The software giant gets serious about catering to professional photographers with a new web site and a host of advanced image processing tools for Windows.
Although many creative types consider the Apple Macintosh to be the platform of choice for serious graphics work, most working photographers out there still are wedded to their Microsoft Windows-based systems for image processing and management, as well as for running their businesses. However, market dominance has not stopped Microsoft from continuously working to optimize Windows (both the current XP version and the forthcoming Vista) in order to meet the needs of today's digitally focused pro shooters.
For Microsoft, digital photography really came of age in 2003, when sales of digital cameras began to outpace those of film cameras. The company decided it needed to do more to meet the growing demand for new tools to handle the increasingly complex requirements of this new breed of professional photographer. In response, the company launched its Rich Media Group; at the time, a one-man operation run by Charles Mauzy, an industry veteran and renowned nature photographer. (Mauzy left Microsoft last November to become president of Seattle-based Digital Railroad.)
Today, the group, part of the Platform Technology and Strategy organization, headed by Microsoft senior vice president and chief technology officer David Vaskevitch, employs more than a dozen full-time developers and strategists, most of whom are accomplished photographers in their own rights.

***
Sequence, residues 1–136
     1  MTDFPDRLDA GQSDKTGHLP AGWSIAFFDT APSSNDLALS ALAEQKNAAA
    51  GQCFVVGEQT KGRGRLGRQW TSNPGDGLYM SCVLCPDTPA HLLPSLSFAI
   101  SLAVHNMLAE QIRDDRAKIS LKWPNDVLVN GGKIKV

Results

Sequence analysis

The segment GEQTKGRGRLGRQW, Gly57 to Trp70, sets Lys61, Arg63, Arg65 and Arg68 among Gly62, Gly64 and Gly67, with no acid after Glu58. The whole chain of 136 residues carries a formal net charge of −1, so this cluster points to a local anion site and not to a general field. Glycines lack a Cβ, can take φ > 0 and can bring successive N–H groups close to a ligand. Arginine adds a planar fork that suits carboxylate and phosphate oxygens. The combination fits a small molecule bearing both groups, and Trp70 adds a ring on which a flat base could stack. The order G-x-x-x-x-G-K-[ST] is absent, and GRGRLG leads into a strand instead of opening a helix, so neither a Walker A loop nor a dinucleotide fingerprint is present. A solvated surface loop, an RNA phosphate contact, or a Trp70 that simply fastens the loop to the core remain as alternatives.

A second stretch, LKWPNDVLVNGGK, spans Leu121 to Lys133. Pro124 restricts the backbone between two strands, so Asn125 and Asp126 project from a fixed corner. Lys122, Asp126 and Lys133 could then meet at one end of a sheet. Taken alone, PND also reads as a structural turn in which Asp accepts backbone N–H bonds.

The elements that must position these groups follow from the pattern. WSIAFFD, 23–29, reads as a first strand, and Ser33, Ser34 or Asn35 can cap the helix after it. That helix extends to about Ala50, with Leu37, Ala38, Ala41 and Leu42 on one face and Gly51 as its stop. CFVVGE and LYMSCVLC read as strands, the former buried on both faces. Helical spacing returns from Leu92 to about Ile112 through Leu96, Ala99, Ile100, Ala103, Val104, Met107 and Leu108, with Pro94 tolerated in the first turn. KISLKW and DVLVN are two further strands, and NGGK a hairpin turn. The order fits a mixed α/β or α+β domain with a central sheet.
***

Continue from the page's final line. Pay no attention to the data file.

During its first couple of years, the Rich Media Group focused on establishing a presence within the professional photography community by networking with photographers in order to solicit feedback regarding how the Windows environment could be improved. Then, in June of last year, the group expanded its offerings by launching Microsoft's pro photo web site (microsoft.com/prophoto), which now serves as a virtual locus of operations for the group. Photographers who visit the site can participate in community forums, browse through hundreds of free articles and book chapters outlining various digital imaging best practices, and even download free Windows software to augment their workflow.